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A tale of three smokers…

Last updated on October 23, 2018

This post is about lightening up a little bit and getting to know yourself better. It’s about me and two good friends. We all used to smoke. Not like a chimney or a vaper, but smokers nonetheless. Truth is that few things in my life were as gloriously satisfying as a Marlboro Light. I looked forward to hopping in the truck just so I could light one up and enjoy a deep and long drag.

I smoked maybe once a day and knew that no smoking was best. Of course, I tried quitting. I had successes but never for more than a month or so. Finally I decided that I would never quit. Instead, I decided that I would take a year off. After a year, I could go and buy a carton if I wanted to. Well, I spent my year never even thinking about smoking. Somehow, for me, this little mind trick just removed the question from my brain. A year later, I actually bought a cigarette. (You could buy singles for seventy-five cents were I lived). It didn’t kill me but it had certainly lost its appeal. It stunk and tasted lousy and I didn’t want to spend the money on it. I’ve never smoked since.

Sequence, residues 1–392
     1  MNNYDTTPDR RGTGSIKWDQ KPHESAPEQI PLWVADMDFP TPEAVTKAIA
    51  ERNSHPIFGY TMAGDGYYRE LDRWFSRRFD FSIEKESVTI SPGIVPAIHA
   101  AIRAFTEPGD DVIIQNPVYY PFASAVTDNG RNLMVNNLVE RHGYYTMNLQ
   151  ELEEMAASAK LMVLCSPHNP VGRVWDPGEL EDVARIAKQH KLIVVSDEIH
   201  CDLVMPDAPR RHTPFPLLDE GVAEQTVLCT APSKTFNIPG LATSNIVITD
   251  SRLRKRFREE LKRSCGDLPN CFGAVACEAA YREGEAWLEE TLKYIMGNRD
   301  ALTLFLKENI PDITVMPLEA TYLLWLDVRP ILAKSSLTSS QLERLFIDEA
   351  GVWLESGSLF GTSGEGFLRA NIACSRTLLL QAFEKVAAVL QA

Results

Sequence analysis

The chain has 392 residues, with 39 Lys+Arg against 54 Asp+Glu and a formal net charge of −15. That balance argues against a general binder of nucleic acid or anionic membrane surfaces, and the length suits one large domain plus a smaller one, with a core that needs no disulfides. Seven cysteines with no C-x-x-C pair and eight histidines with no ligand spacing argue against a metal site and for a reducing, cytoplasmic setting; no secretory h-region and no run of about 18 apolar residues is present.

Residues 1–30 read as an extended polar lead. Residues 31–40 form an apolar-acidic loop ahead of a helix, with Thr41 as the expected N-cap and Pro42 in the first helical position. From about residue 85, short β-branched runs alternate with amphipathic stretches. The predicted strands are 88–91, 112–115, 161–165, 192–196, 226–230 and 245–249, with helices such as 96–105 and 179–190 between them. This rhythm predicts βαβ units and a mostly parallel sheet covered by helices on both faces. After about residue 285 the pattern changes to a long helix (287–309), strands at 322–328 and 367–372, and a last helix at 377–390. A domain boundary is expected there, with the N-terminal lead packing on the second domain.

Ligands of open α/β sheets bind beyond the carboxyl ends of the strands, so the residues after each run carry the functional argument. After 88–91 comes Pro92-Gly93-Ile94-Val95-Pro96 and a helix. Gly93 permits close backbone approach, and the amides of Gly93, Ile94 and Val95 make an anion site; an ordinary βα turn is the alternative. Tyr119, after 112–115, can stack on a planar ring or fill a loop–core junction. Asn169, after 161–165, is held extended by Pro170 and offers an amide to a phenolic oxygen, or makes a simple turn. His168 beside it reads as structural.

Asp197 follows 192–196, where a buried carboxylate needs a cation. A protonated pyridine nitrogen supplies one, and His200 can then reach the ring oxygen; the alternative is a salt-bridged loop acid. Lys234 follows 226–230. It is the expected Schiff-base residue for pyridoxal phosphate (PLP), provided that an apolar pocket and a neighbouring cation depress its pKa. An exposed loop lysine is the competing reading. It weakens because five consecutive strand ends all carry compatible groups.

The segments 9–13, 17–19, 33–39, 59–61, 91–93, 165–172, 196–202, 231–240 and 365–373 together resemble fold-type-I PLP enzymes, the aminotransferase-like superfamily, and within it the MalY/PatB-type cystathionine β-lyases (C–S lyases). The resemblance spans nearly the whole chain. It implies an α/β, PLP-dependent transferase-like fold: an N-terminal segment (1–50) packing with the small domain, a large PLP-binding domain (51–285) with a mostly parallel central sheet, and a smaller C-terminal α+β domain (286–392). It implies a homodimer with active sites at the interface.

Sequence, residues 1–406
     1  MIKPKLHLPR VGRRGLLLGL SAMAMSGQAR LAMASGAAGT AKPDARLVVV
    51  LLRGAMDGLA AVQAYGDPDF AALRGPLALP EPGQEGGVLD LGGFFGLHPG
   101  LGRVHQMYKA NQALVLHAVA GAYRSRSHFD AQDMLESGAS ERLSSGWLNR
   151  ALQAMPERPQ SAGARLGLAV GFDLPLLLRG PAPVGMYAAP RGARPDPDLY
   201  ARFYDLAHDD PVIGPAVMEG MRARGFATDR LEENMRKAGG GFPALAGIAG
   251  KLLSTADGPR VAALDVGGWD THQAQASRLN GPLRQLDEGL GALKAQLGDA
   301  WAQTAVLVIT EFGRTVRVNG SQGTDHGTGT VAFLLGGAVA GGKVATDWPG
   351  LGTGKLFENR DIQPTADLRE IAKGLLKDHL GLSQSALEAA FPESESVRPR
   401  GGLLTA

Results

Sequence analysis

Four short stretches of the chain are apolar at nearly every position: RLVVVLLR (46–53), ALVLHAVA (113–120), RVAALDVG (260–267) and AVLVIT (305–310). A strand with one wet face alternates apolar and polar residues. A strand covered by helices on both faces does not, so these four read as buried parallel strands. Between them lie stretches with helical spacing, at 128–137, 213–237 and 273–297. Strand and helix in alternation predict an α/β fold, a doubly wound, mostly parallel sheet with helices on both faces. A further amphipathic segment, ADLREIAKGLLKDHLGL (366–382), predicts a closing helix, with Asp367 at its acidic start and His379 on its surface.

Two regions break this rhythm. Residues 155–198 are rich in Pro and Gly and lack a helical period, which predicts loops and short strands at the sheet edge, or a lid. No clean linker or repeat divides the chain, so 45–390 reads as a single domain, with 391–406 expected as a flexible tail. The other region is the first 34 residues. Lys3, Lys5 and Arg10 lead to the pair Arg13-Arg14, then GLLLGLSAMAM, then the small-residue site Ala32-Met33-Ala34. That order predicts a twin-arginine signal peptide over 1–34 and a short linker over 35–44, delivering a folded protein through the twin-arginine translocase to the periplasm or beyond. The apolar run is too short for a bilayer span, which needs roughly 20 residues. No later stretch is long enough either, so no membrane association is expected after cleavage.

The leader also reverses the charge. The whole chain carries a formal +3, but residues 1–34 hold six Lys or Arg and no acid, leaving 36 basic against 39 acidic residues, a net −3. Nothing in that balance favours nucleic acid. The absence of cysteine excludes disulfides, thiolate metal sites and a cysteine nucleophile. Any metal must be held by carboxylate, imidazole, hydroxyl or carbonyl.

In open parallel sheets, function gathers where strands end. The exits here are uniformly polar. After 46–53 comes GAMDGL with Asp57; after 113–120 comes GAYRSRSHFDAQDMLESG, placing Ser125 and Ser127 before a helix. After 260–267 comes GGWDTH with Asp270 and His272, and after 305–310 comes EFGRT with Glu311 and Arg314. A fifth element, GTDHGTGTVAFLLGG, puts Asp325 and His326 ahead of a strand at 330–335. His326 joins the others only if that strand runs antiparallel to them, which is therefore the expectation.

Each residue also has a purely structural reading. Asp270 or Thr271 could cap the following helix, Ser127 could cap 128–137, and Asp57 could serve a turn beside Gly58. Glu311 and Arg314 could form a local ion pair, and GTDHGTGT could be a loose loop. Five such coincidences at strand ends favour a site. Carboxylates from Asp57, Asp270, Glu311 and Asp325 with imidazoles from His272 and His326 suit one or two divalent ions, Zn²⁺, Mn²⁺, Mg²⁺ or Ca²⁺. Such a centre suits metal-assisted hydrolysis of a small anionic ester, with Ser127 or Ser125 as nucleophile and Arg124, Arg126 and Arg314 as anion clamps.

My buddy PE quit in a single day. He was a navy man and bought smokes at the commissary. One day he walked in and the price of a carton had jumped from about twenty to thirty bucks and he refused to pay that much.  He claims to have never smoked since and I’ve never seen him light up. His tightwad habits saved him from his nicotine habit.

AG tried quitting all kinds of ways. What worked for him was buying a book. It was about how tobacco companies use all kinds of fillers and chemicals to make their products cheaper and more addictive. I still don’t know how true it is – nicotine delivered in small, regular doses is fantastically addictive – but it worked for him. He was incensed for a year and vowed to never pay those asses a dime again.

There are two morals to the story. One is to know yourself. Try to figure out what drives you. I know that I want cookies and pie when I’m feeling lousy and that when I fight with my wife, I retreat. Knowing that I gravitate toward these behaviors helps me to change them. The other message is to keep trying. What worked for Raoul might not work for Julie. What does not work for Julie worked wonders for Ilsa. It’s hard to know why, but we are all different with different experiences. So be kind to yourself and give some latitude and you will finally stumble on what you didn’t know you were looking for.


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Published inBlogThe Good Life
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